It is 2016. We have cars that drive themselves. We have internet-connected water bottles that track our consumption via smartphone app. Via an online order you can even send your enemies an envelope loaded with glitter.
So in the digital age, why are we still voting in person and with paper? And have you seen how big the Senate ballot is? A new system of voting on the bigger and unwieldy Senate ballot has required its own campaign strategy and led to even more confusion.
Surely a digital voting system would create better engagement with the younger, more technology-savvy generations who are often said to be uninterested in politics.
There are three reasons why Australia hasn’t adopted an online voting system:
- The system might not be secure;
- The code might not be correct; and
- If something goes wrong, we may never know.
The reason most of us will be voting in person this weekend is because the Joint Standing Committee on Electoral Matters has ruled out allowing Australians to cast their vote online for the sake of reputation management, arguing it risks “catastrophically compromising our electoral integrity”.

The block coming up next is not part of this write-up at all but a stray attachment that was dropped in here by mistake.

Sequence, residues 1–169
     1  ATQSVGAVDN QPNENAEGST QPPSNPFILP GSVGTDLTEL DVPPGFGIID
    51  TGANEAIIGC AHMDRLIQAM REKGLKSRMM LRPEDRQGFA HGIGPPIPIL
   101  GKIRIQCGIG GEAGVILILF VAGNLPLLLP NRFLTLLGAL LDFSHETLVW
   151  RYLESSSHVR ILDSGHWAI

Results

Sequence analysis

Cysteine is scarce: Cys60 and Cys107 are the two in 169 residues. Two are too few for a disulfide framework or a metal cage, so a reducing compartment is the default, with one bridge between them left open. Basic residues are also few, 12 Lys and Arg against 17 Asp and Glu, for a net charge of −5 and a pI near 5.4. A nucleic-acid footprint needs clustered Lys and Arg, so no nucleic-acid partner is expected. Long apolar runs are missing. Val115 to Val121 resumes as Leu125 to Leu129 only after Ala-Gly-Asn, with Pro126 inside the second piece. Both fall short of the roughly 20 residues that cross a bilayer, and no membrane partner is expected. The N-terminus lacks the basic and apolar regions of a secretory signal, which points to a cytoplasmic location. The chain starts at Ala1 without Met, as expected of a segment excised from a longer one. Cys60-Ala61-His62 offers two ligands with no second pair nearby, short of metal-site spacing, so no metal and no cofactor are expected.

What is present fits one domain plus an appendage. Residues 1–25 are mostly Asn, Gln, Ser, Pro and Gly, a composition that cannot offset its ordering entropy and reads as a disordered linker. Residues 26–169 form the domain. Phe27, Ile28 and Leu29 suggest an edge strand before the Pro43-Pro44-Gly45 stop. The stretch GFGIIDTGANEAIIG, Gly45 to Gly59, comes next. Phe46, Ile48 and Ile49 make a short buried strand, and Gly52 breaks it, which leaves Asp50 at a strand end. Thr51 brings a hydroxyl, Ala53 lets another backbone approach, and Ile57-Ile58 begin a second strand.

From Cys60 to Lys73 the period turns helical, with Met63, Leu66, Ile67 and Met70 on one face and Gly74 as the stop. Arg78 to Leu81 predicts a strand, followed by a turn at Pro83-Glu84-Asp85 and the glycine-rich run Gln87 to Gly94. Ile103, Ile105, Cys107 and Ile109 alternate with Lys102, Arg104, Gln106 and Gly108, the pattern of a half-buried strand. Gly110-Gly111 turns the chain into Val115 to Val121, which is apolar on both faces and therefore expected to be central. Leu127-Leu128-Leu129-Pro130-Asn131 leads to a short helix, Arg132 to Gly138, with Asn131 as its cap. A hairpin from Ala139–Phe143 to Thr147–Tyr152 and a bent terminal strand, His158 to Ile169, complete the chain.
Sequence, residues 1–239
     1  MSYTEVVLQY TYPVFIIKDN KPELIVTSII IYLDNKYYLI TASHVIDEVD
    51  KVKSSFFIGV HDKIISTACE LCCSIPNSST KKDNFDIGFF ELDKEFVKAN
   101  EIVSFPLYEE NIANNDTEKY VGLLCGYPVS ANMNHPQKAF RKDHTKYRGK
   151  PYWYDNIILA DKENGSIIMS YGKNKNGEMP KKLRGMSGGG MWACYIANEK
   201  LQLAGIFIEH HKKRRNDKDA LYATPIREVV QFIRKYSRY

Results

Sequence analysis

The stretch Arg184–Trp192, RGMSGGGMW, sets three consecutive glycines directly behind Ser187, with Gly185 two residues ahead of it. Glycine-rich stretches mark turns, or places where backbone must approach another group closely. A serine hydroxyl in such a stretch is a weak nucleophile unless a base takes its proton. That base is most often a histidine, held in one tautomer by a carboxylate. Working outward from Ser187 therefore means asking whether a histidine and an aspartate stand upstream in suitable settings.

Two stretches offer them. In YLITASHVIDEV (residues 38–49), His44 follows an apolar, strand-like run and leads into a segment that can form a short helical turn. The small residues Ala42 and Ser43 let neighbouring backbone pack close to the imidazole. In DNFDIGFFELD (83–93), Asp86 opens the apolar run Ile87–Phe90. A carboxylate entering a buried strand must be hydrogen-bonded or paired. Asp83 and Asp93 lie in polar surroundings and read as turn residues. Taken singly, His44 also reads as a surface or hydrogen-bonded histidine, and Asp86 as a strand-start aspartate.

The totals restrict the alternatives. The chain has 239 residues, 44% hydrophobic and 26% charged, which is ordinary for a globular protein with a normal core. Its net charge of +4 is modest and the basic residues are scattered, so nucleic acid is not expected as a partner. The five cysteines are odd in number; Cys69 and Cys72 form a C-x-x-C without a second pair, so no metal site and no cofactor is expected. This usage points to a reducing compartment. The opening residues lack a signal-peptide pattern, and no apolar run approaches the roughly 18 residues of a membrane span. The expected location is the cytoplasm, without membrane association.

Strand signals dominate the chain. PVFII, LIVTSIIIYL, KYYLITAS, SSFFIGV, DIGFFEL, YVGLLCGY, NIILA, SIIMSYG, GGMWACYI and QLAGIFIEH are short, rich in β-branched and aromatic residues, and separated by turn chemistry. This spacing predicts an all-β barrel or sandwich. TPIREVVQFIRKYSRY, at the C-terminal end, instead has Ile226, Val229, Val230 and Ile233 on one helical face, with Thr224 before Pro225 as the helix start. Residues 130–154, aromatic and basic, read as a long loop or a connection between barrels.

It is currently impossible to provide evidence of an accurate result while keeping individual online votes private. If you received a confirmation of how you voted, it wouldn’t be anonymous – but if you don’t get a confirmation, you will never know if your vote was correctly received.
However, if community consultation was taken on whether people would prefer to spend hours out of their precious Saturday to stand in line, or spend five minutes on their own device from the comfort of their own home, I’m pretty sure I know what the result would be.
Think you have the solution? Do you believe in four years we will have caught up with the pace of technology when it comes to voting?